Procedure

All randomly selected schools agreed to and were willing to participate in the study. A self-administered approach was used to collect data from participants. Questionnaires were filled during classroom periods from all selected classes on the same day. Inclusion criteria were any student whose parents had signed the consent form and who agreed to participate. Students who were absent on the day of data collection were excluded. When students had finished their reports, the filled questionnaires were returned to the research team in a sealed envelope.

Study variables and measures

Study variables were sociodemographic, school related, and the outcome — school satisfaction. The current study utilized the Health Behavior in School-Aged Children (HBSC) self-administered questionnaire to collect data from student participants.23 The HBSC conceptualizes adolescent health in a multidimensional manner and creates measures that represent students’ emotional health and well-being. The questionnaire was adapted to the Jordanian culture and translated to Arabic by a committee of experts in community health nursing at the School of Nursing at the University of Jordan. The translated copy of the HBSC was reviewed, back-translation performed and content validated, and appropriateness to Jordanian culture checked. The questionnaire is reasonably valid and reliable measure of adolescents’ health behavior.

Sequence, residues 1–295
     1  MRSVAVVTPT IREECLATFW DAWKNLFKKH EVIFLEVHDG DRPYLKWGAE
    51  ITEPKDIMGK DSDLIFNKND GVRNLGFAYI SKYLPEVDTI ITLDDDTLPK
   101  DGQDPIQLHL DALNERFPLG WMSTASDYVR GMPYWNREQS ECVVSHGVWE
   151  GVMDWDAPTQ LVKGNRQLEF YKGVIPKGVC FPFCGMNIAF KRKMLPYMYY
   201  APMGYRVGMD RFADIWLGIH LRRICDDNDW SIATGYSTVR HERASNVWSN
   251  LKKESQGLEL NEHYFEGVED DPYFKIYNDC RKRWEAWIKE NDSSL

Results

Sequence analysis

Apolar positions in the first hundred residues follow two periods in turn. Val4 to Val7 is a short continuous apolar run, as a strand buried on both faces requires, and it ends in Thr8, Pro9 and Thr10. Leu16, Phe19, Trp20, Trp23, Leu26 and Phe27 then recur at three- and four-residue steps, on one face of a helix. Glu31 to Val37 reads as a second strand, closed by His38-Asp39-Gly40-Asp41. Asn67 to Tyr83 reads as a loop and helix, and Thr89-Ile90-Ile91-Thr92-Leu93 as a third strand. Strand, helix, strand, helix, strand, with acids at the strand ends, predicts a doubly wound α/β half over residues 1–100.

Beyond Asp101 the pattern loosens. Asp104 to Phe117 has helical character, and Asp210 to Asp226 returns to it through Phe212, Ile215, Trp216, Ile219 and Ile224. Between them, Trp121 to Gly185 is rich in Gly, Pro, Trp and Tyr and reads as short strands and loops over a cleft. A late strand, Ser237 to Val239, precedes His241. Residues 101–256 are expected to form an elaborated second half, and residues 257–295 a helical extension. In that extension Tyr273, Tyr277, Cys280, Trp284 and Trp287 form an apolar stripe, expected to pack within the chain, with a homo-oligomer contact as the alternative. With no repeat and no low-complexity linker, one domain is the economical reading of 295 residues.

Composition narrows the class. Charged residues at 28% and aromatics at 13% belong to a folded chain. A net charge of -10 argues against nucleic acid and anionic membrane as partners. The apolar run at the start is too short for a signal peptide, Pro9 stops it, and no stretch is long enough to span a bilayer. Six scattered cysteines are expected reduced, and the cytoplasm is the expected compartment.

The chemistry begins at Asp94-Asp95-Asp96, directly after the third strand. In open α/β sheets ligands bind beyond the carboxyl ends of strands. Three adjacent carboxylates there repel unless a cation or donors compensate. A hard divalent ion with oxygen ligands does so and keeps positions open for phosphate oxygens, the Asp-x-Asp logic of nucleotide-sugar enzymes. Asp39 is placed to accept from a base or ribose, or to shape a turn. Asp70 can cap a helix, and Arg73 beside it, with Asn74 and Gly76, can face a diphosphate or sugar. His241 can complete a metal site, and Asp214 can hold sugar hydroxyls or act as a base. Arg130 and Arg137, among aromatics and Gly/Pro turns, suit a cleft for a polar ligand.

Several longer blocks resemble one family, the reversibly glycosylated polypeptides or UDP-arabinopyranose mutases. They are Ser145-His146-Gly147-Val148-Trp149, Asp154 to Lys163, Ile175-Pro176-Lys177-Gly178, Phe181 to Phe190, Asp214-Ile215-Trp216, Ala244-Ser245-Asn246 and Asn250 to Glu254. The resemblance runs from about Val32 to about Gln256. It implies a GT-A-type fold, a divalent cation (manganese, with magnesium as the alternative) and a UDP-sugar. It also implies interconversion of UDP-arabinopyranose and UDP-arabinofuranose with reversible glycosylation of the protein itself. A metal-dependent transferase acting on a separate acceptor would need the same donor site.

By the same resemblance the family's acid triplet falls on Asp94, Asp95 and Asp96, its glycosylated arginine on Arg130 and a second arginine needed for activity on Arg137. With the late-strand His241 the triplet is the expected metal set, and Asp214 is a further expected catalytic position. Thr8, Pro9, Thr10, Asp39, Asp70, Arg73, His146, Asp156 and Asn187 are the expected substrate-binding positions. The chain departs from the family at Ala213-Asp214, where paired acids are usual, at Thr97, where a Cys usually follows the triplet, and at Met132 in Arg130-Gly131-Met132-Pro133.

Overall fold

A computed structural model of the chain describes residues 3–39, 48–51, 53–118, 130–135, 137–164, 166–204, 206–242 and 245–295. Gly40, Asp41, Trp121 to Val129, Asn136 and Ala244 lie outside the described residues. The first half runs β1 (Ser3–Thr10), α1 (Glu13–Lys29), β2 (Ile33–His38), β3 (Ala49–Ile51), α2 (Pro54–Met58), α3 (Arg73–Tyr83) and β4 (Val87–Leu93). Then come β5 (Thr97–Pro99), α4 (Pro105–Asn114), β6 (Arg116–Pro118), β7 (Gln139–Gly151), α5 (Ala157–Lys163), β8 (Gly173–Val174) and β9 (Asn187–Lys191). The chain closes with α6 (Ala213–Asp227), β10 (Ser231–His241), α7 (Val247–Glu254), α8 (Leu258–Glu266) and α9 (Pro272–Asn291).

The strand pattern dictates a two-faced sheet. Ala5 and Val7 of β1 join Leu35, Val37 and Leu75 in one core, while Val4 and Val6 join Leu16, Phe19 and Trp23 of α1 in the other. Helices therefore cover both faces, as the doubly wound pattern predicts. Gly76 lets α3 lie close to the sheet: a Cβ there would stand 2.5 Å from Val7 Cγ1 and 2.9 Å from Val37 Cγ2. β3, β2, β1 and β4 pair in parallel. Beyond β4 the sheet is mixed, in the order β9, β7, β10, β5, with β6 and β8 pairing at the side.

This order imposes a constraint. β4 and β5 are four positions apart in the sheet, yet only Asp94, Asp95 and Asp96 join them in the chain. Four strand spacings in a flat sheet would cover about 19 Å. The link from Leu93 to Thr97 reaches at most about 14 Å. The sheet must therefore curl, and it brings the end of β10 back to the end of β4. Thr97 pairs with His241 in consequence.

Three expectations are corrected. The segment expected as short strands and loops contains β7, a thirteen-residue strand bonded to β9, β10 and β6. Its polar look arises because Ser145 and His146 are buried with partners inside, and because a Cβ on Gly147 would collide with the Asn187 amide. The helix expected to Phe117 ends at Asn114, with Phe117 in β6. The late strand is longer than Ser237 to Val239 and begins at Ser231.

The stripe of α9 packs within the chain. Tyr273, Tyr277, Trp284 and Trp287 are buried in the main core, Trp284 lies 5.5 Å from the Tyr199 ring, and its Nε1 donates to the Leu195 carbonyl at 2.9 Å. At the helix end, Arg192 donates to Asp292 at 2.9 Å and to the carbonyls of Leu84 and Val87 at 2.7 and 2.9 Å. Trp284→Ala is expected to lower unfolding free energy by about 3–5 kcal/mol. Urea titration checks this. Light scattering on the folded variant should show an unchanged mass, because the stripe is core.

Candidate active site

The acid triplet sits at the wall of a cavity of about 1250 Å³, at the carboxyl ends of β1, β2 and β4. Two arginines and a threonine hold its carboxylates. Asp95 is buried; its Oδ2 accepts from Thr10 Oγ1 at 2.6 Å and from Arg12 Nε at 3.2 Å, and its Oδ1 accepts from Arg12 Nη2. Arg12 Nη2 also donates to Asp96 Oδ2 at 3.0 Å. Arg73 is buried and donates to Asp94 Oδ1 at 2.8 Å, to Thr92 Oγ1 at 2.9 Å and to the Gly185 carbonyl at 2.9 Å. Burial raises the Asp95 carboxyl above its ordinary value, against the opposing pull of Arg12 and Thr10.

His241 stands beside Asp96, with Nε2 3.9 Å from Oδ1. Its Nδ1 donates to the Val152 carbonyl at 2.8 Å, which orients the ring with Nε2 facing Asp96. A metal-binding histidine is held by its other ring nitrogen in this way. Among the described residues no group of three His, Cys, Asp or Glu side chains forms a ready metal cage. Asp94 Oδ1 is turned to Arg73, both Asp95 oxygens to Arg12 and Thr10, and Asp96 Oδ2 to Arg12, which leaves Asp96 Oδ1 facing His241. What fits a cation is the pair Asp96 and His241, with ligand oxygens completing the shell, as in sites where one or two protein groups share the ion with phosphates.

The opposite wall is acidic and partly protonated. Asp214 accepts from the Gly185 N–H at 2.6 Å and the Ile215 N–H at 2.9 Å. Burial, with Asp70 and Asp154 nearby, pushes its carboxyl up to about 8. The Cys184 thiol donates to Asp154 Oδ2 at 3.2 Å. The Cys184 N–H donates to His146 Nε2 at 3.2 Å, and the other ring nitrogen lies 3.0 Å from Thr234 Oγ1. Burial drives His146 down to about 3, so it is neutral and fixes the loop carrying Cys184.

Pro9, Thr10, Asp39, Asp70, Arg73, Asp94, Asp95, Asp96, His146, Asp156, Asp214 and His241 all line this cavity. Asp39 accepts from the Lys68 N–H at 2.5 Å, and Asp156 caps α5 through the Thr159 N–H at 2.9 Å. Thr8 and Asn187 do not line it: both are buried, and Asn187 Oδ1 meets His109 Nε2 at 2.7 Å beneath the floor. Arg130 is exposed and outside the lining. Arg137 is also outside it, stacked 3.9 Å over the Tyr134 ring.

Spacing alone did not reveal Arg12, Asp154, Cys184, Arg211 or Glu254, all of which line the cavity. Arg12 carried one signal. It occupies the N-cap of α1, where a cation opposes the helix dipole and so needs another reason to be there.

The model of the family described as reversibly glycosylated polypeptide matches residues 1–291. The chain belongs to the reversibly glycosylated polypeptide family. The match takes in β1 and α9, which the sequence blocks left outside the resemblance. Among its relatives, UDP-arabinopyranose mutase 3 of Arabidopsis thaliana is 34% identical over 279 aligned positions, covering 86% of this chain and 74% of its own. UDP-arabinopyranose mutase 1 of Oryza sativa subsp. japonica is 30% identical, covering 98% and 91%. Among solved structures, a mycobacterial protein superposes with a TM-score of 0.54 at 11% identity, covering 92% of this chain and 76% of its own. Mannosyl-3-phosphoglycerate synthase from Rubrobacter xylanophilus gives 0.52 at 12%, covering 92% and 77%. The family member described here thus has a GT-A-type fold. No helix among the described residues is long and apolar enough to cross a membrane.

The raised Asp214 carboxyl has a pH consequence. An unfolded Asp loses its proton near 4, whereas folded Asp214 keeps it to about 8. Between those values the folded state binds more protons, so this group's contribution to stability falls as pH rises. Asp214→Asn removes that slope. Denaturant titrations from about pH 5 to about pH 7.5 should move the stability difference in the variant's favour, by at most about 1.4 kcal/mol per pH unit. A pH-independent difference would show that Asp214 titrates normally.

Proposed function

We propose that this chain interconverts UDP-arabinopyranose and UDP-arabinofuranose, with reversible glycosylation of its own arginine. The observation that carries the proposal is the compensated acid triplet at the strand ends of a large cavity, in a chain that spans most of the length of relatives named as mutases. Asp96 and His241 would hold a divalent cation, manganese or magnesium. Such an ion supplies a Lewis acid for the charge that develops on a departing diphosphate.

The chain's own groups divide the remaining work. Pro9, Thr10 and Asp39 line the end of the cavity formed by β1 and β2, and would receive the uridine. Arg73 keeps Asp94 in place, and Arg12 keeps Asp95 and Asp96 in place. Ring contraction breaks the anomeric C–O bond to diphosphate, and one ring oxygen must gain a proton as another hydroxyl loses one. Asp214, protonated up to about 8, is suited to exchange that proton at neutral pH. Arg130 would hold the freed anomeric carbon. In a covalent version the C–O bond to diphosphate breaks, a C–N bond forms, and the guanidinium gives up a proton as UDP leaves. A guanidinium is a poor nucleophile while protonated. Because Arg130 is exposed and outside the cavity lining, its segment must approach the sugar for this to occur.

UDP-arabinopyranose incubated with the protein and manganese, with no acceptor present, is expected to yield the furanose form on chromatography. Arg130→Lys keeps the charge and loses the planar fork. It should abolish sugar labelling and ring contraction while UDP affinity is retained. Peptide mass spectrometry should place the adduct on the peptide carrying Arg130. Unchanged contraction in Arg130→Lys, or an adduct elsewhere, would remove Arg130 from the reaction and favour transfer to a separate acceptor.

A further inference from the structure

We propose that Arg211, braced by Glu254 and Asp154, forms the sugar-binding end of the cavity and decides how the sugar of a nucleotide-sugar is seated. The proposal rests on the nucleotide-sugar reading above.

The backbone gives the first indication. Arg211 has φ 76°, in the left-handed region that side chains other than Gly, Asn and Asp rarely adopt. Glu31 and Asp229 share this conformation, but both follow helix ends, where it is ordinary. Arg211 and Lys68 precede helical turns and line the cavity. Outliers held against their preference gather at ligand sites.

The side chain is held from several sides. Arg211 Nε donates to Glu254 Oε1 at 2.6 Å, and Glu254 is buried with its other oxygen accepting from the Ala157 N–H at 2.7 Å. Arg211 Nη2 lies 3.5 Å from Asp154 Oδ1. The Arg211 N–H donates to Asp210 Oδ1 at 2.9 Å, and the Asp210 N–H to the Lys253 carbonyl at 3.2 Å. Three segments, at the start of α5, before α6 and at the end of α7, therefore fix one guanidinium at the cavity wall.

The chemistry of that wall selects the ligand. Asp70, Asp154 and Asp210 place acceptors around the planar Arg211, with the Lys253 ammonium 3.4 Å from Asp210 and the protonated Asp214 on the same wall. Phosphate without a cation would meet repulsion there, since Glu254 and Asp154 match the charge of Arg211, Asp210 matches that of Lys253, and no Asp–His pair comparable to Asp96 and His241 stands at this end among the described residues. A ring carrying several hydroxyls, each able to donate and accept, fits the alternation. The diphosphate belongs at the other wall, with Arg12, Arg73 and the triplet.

Demographic variables

Data on study participants comprising age, sex, grade, type of school, mother's and father's education and occupations, and body-mass index (BMI) were measured using the HBSC data sheet.

School-related variables

Table S1 describes the study variables, measures, scoring, and overall score ranges.

Academic performance

Students’ academic performance was assessed by asking “What does your class teacher(s) think about your school performance compared to classmates?”. Student response options were below average, average, good, and very good.

School pressure

Pressure from school was measured using statements and a question: “My parents expect too much from me at the school” (strongly agree, agree, neutral, disagree, strongly disagree); “My teachers expect too much from me at the school” (strongly agree, agree, neutral, disagree, strongly disagree); and “How much pressure do you feel because of the work you have to do at the school?” (not at all, a little, some, a lot). Internal consistency of the school-pressure subscale was 0.46.

Teacher support

Four items of the HBSC questionnaire measured teacher support. Student response options were strongly agree, agree, neutral, disagree, and strongly disagree. Items on the subscale were: “I am encouraged to express my own views in my class”; “Our teachers treat us fairly”; “When I need extra help, I can get it”; and “My teachers are interested in me as a person”. Internal consistency (Cronbach’s α) of the teacher-support subscale in the current study was 0.79.